Editorial: When even a house on Struggle Street is hard to get
For young people and those on low incomes trying to find themselves a decent home, the trends have been heading in the wrong direction over the past few years. Median house prices in Christchurch have doubled from $210,000 a decade ago to $420,000. Rents have risen over the same period from $250 more than $400 a week on average. The cost of building a standard house has gone up from $800 a square metre to more than $1700. Added to this are the loan-to-value ratios applied by the Reserve Bank, which makes it harder for people with low deposits to obtain a mortgage. For those who can get a loan, interest rates are on the rise. For the fabled Kiwi-Battler family, getting into a house, even on the lower-priced Struggle Street, is more difficult than it used to be.
The problem is not confined to Christchurch, although the problem has been made more acute here by the loss of 11,000 homes following the earthquakes. When issues of housing affordability and availability are discussed, Christchurch is now almost routinely bracketed with Auckland, where the problems are more long-standing. But, with some regional exceptions, this is generally a national issue. Some years ago, the Master Builders Association estimated that New Zealand needed 25,000 new homes a year to keep pace with expected demand. National residential building consents bottomed out at 14,500 in 2009; they have picked up since then to about 2000 a month, but demand still outstrips supply. That is the root cause of why New Zealand real estate is considered over-valued. It is also why the so-called housing bubble is unlikely to burst any time soon.
It is frustrating - to say the least - that a developed country the size of New Zealand with a relatively low population cannot adequately shelter all its citizens, without overcrowding and without individual families having to fork out a greater share of their income to keep a roof over their heads. The pressure is such that housing is in danger of distorting the national economy, which is one reason why the Government was so quick to intervene in Christchurch's consenting crisis last year. The bottom line is that there are still not enough houses. The good news is that the upswing in residential construction is now gaining pace.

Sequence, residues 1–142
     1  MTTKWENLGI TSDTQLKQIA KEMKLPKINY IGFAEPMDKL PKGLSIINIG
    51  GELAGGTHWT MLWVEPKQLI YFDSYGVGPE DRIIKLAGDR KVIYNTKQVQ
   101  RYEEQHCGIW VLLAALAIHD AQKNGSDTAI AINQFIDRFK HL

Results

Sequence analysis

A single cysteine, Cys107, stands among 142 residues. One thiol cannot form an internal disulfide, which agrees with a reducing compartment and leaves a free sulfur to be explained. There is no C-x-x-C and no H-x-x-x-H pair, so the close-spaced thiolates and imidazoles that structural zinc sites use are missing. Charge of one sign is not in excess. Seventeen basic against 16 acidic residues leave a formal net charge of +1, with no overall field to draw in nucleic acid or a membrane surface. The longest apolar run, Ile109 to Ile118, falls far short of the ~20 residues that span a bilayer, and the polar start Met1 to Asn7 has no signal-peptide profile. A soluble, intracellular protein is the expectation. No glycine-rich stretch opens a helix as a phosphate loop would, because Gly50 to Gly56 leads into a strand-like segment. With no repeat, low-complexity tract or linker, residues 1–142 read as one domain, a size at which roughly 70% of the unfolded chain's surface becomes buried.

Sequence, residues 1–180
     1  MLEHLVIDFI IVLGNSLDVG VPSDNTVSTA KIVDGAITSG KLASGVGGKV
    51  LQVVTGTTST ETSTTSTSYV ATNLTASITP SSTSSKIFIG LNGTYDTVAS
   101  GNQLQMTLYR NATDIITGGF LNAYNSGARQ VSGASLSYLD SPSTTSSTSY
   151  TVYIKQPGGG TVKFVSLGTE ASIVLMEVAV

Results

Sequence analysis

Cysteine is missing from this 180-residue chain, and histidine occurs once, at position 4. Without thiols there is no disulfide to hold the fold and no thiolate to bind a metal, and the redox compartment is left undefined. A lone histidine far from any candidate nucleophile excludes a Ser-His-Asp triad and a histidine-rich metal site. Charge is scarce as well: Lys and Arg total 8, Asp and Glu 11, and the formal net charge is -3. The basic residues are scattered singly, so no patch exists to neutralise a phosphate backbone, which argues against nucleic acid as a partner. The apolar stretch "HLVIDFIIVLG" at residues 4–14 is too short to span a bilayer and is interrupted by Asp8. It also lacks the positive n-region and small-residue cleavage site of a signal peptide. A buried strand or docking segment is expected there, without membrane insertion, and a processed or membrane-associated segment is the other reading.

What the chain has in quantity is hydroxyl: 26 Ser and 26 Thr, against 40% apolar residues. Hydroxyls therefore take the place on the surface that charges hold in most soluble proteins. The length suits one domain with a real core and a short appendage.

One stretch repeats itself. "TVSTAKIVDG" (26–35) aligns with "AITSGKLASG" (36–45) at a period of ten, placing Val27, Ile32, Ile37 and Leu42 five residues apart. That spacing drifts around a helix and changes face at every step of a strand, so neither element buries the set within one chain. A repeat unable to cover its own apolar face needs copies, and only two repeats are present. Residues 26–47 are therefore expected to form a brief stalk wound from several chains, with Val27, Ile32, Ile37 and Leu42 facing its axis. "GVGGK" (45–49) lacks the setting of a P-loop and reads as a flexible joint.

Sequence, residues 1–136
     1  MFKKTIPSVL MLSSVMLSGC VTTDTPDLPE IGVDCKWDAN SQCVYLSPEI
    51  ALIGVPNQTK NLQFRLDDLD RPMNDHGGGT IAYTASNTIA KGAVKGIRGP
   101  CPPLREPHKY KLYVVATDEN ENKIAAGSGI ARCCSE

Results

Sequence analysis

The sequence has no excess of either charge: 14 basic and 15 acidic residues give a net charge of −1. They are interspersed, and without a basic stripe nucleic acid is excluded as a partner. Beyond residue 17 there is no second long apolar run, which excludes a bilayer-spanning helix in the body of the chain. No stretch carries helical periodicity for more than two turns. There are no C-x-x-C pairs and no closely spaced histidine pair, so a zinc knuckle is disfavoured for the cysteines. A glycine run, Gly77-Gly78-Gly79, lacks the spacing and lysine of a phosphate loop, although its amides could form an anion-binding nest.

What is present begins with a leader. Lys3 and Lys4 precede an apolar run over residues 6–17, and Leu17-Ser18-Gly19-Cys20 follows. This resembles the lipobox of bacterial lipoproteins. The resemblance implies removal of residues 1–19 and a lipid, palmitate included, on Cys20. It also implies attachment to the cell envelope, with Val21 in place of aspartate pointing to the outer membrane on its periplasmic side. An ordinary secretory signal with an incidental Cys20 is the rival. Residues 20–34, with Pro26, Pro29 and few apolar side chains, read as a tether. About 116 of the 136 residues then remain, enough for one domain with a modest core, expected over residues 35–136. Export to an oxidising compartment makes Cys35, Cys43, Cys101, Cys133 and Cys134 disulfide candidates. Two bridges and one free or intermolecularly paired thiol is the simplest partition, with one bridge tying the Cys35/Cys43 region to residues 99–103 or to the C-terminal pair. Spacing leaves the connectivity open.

The Christchurch situation is reflected in the rapid growth of the outlying areas, particularly in Selwyn and Waimakariri. Property prices are cheaper there and, while Christchurch city rents have increased, government reports note that rent rises in the outer districts have cooled. That brings other problems, as the congestion on the Northern Motorway makes obvious. That assumes, however, that commercial activity must be mainly confined to the main city centres - in the longer term, regional development and the connectivity of ultra-fast broadband might allow people to have the best of both worlds out of town. Rolleston's Izone industrial park and proposed inland port are local examples of the types of development that could allow people to live and work in flourishing semi-rural centres. If that dynamic extended to more distant parts of heartland New Zealand, where property values are declining in some cases, housing pressures would diminish.
The Kiwi-Battler family, meanwhile, should be prepared to compromise. The expectations of previous house-buying generations were lower than today, in an era when when en-suite bathrooms were virtually unheard of. The virtues of buying a doer-upper in a lower-priced neighbourhood and working towards a better home through sweat equity and old-fashioned home economics still apply. For would-be homeowners, getting on the housing ladder might mean finding that lowest rung, at least to begin with.